A business has a pre-existing organizational structure with pre-defined organizational goals, which employees may or may not fully embrace.  When sociocracy is instituted in the business, everyone has a direct voice and thus shares in determining the day to day operation of the company.  This meets the human need for recognition, which appears, as noted in a previous post to be universal.  Thus, all employees are rewarded for working for a common goal.

Such organizational structure does not typically exist in social and political groups, which are generally organized from the top down and do not solicit equal participation of all members.  As noted in the foregoing post, to try to superimpose the principles of sociocracy on the functioning of a town or city, is to solicit failure, because the citizens generally do not know each other and may only, coincidentally, share common goals.

Thus, it seems necessary to create a Dynamic Self-Governance structure from scratch by drawing the citizens of the community together to achieve a common purpose.  Thus, the structure of the social organization must be extra-political, although its goals may be very much political in nature.  This latter thought resonates with the words of Professor John Keane who has written about “monitory democracy” as “a new historical type of democracy…defined by the rapid growth of many different kinds of extra-parliamentary, power-scrutinising mechanisms.”  Keane states: 

There is a need for a fundamental revision of the way we think about democracy in our times.  An epochal transformation has been taking place in the contours and dynamics of representative democracy.  From roughly the mid twentieth century representative democracy began to morph into a new historical form of ‘post-representative’ democracy. 

Keane continues:

In consequence, the whole architecture of self-government is changing. The central grip of elections, political parties and parliaments on the lives of citizens is weakening. Democracy is coming to mean more than elections, although nothing less. Within and outside states, independent monitors of power begin to have tangible effects. By putting politicians, parties and elected governments permanently on their toes, they complicate their lives, question their authority and force them to change their agendas.

The Tea Party Movement is one such “monitory” group on the U.S. political scene.  It was a movement originated by the “Ron Paul Revolution” in the 2008 primary election campaign and later co-opted by many rank and file Republicans in 2009.  This movement was very instrumental, it appears, in the recent Massachusetts senatorial election where Scott Brown won the senate seat held for decades by Ted Kennedy after being down by double digits in the polls shortly before the election.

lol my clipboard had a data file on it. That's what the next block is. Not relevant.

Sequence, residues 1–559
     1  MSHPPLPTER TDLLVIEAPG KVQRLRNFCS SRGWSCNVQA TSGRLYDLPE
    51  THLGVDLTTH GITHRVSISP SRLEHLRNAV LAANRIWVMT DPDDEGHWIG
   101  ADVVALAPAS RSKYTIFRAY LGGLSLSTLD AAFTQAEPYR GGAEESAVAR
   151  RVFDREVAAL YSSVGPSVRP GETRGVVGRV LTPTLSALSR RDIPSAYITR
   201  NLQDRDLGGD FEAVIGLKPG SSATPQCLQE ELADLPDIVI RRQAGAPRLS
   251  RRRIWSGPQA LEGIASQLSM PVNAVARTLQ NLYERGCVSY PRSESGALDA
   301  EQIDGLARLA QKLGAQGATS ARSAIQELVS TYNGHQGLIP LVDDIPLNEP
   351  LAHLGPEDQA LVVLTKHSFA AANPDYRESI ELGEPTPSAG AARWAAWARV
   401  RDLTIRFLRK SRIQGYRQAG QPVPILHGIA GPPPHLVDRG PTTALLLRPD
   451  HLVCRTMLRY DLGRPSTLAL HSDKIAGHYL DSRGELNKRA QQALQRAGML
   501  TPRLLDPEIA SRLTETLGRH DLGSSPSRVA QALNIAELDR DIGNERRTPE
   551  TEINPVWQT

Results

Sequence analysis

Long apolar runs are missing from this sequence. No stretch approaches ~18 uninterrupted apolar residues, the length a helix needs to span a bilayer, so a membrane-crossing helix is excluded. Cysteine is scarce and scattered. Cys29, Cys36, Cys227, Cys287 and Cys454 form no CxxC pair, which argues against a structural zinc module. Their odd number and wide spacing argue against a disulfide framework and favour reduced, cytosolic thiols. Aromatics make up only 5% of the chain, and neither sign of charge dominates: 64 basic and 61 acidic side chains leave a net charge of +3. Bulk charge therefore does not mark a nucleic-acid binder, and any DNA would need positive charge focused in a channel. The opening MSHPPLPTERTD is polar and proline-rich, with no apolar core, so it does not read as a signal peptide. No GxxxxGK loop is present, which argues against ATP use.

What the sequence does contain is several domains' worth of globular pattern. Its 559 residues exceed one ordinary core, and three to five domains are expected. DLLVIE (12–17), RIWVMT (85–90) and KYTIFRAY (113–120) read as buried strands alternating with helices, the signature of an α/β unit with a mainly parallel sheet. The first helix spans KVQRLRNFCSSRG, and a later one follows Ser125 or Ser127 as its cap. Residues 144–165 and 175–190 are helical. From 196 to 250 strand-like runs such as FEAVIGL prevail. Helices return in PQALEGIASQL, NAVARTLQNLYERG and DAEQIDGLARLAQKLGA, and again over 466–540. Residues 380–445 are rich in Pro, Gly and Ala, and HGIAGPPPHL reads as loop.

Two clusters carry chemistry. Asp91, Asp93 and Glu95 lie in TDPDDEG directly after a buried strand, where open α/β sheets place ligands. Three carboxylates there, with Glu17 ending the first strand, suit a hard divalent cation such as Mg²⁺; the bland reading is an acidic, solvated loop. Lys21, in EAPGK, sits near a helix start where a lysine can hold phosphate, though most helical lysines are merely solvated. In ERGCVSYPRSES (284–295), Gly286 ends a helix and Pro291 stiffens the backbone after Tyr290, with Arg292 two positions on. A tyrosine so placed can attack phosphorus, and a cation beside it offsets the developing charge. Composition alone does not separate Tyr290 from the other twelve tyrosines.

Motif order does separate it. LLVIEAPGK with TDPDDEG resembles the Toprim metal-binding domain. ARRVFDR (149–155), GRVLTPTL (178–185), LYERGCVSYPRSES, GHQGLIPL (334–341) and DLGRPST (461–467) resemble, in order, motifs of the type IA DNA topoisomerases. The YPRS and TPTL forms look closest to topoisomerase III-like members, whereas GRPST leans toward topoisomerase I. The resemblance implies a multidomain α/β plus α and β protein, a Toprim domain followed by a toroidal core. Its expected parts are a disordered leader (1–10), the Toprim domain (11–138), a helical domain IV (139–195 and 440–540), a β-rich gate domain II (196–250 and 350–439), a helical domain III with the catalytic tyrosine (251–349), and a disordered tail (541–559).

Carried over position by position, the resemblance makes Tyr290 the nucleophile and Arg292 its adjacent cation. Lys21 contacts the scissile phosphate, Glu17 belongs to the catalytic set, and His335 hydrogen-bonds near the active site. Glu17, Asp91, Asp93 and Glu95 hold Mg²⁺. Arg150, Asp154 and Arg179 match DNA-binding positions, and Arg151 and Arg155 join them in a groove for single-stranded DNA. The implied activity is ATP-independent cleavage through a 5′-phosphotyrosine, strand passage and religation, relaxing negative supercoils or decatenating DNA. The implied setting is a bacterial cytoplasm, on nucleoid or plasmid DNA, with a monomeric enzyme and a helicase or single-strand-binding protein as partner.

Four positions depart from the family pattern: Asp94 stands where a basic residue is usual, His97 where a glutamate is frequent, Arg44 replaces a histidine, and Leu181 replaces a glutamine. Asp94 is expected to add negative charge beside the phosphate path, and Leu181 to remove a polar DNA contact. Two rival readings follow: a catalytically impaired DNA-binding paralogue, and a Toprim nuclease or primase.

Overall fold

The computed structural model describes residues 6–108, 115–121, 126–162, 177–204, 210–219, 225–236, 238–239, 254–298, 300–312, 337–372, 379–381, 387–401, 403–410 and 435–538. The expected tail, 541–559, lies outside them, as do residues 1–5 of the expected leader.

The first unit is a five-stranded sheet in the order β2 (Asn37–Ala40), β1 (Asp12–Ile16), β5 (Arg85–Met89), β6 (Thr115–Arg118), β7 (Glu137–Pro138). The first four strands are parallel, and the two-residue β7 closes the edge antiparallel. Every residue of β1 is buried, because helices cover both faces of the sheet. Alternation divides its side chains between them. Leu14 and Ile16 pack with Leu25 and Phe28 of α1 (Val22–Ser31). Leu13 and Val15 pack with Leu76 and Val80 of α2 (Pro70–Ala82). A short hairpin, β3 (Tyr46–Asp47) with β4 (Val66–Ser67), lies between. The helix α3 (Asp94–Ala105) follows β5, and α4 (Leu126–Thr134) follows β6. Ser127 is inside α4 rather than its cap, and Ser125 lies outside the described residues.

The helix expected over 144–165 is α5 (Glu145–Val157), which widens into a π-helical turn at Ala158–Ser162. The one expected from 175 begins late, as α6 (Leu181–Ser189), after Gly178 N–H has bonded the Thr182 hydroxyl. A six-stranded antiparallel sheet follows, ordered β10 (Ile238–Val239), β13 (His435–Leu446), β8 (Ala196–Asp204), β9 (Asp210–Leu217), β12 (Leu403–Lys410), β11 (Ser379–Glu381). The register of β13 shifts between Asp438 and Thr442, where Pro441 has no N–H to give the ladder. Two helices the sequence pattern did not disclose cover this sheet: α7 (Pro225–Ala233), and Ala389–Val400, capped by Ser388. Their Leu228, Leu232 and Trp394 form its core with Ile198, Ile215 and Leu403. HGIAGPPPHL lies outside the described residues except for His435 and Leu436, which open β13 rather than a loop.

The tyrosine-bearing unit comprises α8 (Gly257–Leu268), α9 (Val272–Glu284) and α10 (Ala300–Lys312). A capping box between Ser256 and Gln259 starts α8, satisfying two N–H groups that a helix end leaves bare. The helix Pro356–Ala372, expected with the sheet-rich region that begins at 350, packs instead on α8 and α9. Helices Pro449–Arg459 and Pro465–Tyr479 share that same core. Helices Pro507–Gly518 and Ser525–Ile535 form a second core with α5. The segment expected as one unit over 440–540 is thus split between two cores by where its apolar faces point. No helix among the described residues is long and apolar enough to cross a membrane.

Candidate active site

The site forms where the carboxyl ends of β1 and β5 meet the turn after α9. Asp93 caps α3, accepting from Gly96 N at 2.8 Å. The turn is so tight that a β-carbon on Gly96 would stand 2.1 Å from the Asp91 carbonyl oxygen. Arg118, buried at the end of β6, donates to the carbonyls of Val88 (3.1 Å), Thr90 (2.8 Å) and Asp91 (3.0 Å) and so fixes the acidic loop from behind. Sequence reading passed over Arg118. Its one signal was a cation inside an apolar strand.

However, social organizations can, obviously, come into being for more than political reasons.  They can arise to fulfill basic human needs for connectedness as I have discussed previously in regard to artificial extended families.  Is it conceivable that such family groups could double back on themselves and serve purposes that are normally regarded as the provinces of governments and private charities?  I am referring here to addressing the issues of poverty and healthcare in a society.  Typically, the ideological Left has advocated for the provision of government services, while the ideological Right has resorted to advocating that individuals and private enterprise provide for the less fortunate through charitable donations.  There can be no better illustration of the propensity for private individuals, including many big-name celebrities, to open their hearts and their pocketbooks than the recent disaster in Haiti.   But, why should it take a calamity of grotesque proportions like Haiti or Katrina to motivate such private giving?  Why do we not tap into this human tendency to support others in time of need when the conditions are oppressive but not so dire?  One simple answer is that, as the size of government has grown, so has the tendency for the “bystander intervention effect” to dominate social conscience.  It is clear that the degree to which we believe that others will step in and help determines our individual willingness to help.  In other words, we have come to expect the government to dispense not only foreign aid, but domestic aid as well.  Another far more important reason, however, is that we have never reduced the tax burden on individuals sufficiently, or “incentivized” supporting others adequately, to bring about non-governmental solutions to major social problems.

In Part IV of this essay, I explore a way in which the model of Novalian artificial extended families could guide the way to extricating ourselves from the incredible financial morass in which we find ourselves as a nation.



  1. My friend Alan Price,i must tell you that we are very happy today because we have been able to download parts one to three of your meditation on synocracy.
    We shall give our self some time to share the value contents therein.
    We believe that the younger generation will profit from the prophetic contents of your writings.
    Remain Blessed